Pinterest is a social image bookmarking service that became very popular in the last several months. It's a pinboard style website that allows users to share and manage images or videos (called pins) organized in boards. Often these images link to other websites (usually, to the location where the image has been taken from). Users can re-pin images from other pinboards, like pins or comment on them. Also users can follow some or all of other users boards. To make everything even more social, there is a possibility to share pins on Facebook and Twitter. All of this colorful service sounds quite attractive and it has proven to be as millions of users have joined the new service for the last year. has proven to be especially popular among women with enormous amount of fashion or food related pins. Of course, business opportunities have not been overlooked by both Pinterest's owners and various other brands so, there are lots of pins linking to commercial websites. There is nothing wrong with that though.

The problem I see with Pinterest is its inclination to make the rich richer. What I mean is the following. When you pin an image or video on Pinterest there is not a section with the latest pins where everybody can see what you have just pinned. Practically your pins are visible only to the people who follow you and if you are a new user, most likely you won't have many followers. On the other hand, older users normally would have more followers so their pins are exposed to a broader audience. The chances to get new followers are practically coming from the exposure of your pins so people that already have more followers than newer users will continue to gain more and more just because the system is in favor of them and there is not an equal chance for everyone.

There are thematic sections where everyone's new pins could get into but there is some limitation based on time or amount of pins (I am not exactly sure) so only a fraction of your pins could actually get there. So it's possible the least attractive of your pins falls into these sections thus not drawing any interest to your boards. Again, this does not make everyone equal. The last option for exposure of your image or video on Pinterest is that it becomes popular. And of course, this is again much harder for new users cause pins of users with more followers get more re-pins and likes thus having considerably greater chance of getting into the "Popular" section.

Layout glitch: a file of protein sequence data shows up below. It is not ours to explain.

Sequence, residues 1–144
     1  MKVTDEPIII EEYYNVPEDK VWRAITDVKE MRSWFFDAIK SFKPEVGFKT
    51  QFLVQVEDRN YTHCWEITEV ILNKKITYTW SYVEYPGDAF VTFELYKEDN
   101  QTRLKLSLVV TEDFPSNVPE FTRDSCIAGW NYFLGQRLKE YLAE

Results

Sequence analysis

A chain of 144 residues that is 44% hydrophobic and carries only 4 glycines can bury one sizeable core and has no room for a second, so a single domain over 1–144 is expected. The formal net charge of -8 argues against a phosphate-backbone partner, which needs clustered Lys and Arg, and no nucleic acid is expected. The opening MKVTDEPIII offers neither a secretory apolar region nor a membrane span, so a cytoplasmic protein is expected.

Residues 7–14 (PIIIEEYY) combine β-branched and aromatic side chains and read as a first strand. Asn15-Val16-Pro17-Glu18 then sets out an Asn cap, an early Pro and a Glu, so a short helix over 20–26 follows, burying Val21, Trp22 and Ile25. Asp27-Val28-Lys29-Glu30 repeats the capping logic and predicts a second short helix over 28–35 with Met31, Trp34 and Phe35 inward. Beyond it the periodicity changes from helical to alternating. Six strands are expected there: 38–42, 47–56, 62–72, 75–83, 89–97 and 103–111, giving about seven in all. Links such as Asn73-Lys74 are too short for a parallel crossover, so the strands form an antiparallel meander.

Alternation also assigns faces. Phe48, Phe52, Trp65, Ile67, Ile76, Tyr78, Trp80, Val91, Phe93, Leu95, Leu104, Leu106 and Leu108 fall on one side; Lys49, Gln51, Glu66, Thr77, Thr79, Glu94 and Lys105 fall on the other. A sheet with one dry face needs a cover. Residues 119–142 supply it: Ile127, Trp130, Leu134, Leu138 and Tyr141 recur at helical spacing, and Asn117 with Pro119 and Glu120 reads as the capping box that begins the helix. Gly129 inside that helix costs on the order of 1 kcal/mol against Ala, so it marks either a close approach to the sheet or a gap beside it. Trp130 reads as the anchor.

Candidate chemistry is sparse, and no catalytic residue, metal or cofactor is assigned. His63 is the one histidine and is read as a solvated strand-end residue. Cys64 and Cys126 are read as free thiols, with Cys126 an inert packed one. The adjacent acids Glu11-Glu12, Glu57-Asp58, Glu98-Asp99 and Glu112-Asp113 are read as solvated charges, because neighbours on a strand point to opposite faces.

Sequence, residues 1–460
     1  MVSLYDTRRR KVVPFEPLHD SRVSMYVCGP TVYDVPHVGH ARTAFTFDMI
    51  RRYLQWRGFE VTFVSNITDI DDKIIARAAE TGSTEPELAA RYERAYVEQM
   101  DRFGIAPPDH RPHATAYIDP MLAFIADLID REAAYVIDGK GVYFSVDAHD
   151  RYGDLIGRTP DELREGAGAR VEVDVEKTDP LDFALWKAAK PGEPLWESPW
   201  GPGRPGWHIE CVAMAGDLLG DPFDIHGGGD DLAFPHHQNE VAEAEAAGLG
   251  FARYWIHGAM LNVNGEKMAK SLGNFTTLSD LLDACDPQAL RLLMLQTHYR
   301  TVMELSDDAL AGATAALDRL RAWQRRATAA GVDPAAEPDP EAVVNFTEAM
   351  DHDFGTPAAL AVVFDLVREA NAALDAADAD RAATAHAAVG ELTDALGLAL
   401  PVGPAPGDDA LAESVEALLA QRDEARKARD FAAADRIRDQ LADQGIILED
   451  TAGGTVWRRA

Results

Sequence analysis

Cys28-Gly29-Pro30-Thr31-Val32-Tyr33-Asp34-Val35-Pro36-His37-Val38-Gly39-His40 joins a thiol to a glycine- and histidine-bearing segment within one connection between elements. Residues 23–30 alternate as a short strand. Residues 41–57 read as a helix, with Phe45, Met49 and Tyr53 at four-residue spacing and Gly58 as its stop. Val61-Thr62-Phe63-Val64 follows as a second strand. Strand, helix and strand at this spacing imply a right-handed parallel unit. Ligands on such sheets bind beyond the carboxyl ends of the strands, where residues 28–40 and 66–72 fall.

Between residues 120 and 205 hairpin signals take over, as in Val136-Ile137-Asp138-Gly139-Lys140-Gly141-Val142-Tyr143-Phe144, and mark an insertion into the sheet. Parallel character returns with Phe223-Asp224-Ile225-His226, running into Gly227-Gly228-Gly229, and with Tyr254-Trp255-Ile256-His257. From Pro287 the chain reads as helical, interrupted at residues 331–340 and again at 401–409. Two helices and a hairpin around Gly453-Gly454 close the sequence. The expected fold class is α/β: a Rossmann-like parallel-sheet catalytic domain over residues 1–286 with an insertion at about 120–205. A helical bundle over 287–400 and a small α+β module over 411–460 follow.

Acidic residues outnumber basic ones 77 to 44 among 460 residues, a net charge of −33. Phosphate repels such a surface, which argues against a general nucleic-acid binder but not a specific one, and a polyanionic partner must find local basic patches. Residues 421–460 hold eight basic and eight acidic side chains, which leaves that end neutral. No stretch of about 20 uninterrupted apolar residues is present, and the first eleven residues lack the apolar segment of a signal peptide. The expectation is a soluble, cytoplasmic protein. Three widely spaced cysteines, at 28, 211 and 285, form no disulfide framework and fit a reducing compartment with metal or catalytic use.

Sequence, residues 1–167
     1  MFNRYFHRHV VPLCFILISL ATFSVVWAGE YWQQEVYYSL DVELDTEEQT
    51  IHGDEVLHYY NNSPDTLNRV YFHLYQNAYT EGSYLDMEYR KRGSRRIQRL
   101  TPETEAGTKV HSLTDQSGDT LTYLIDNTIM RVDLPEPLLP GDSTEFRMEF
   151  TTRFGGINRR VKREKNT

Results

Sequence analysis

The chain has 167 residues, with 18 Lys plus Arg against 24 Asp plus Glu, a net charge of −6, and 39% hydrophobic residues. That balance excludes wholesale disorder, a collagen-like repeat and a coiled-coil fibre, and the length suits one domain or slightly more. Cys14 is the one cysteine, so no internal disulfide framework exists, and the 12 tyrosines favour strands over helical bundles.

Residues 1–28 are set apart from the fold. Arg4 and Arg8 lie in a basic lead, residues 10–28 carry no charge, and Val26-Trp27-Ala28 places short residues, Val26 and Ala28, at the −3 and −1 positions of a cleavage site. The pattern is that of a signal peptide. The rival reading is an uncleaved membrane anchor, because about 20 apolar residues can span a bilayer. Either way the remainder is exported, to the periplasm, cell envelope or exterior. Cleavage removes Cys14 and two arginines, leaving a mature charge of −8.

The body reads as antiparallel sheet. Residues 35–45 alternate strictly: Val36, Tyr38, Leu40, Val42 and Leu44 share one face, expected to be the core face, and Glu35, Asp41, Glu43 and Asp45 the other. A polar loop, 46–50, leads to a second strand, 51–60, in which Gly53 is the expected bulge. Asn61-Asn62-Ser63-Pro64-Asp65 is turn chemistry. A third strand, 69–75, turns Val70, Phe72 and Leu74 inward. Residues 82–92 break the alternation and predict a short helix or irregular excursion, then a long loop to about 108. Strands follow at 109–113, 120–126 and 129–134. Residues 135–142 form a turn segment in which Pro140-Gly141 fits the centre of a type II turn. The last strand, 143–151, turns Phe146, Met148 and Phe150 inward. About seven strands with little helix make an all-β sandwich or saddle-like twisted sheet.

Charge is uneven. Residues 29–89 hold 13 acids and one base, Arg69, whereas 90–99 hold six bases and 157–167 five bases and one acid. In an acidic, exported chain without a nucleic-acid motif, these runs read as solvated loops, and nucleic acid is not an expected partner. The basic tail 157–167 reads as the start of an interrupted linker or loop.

Now some of these characteristics are pretty much the same on many other social bookmarking web sites. The difference though is that most of the other websites offer "New", "Latest" or similar section so every pin, story, link or whatever has a chance to be seen by everyone. This is not the case with Pinterest.

Frankly speaking, I am not sure how this could affect Pinterest's performance and growth in the future. My opinion is that some people could be put off cause even if the original idea of Pinterest has been to offer organization of images in the form of virtual pinboard, actually most of the people join online social services for getting exposure, connections, following or anything that could be labelled as a social activity. Offering a very limited chance for exposure to their new users, Pinterest owners limit the social element in their experience significantly. Whether this will be crucial for the future development of the site is something we are going to see but to me it looks like a case of an overlooked piece of functionality.